Options is a research study at the University of Wisconsin School of Medicine and Public Health. It is available to people in the Madison and Milwaukee areas who want to see what it’s like to temporarily switch from just smoking to alternative products. These products include Juul e-cigarettes or cigarettes with very low nicotine content. Participants will get paid up to $380.
The study was featured in the Wisconsin State Journal.
The Options Study is made possible by a $1.4 million three-year grant from the National Cancer Institute and Food and Drug Administration to the UW Center for Tobacco Research and Intervention (UW-CTRI). All study participants will be smokers who don’t want to quit smoking, but are willing to switch from their cigarettes to something new for a week. They will:
- Be randomly assigned to switch to vaping or smoking low-nicotine cigarettes (LNC) for a week or to using no alternative product.
- Then they go back smoking their own cigarettes for a week.
- Then they have another week where they switch from smoking to Juul, or LNC or no alternative product.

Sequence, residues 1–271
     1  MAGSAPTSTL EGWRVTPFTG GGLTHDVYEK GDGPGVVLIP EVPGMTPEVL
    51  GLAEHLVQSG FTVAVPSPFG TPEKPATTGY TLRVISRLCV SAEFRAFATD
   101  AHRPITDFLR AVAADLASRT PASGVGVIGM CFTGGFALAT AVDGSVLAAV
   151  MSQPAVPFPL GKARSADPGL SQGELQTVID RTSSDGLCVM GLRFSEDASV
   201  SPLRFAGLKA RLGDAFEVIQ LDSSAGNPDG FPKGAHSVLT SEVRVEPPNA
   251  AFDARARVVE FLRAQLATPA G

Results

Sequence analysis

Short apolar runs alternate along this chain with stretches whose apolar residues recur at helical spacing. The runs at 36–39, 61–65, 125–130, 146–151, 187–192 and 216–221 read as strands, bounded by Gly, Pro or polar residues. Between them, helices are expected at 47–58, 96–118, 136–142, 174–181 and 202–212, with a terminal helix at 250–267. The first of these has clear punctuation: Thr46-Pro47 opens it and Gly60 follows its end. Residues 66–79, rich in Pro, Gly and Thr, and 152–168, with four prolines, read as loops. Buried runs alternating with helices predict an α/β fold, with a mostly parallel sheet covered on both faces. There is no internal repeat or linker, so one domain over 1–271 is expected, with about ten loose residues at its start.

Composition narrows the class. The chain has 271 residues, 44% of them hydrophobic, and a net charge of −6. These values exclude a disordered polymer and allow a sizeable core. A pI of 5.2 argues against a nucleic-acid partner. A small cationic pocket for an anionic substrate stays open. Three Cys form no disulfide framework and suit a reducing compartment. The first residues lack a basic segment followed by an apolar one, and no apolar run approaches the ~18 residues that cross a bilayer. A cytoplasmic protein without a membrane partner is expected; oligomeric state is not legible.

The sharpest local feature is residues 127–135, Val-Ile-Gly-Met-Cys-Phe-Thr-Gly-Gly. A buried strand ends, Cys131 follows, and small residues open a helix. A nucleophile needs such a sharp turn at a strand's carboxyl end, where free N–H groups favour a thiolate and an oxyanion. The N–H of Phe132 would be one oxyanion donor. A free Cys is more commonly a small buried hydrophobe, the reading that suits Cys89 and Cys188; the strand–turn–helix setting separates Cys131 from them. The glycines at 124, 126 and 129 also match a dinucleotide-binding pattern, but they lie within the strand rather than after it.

- During the two switch weeks, all participants will be given patches. During one week, the patches will have active nicotine and, during the other switch week, the patches will be placebo (no nicotine).
Researchers will examine how well Juul or low-nicotine cigarettes can substitute for regular smoking, and how nicotine patches factor into it and why.
“The landscape of tobacco products is changing and we need to understand how people use these products in the real world and how they compare to their regular cigarettes,” said Dr. Megan Piper (right), UW-CTRI associate director of research and principal investigator on the study. “This information will help inform the US Food and Drug Administration as they try to make rules about tobacco products.”
When patients volunteer for the Options Study, research staff will discuss safety protocols for COVID-19 and the study itself.
Kate Kobinsky (left) is coordinating various aspects of the study.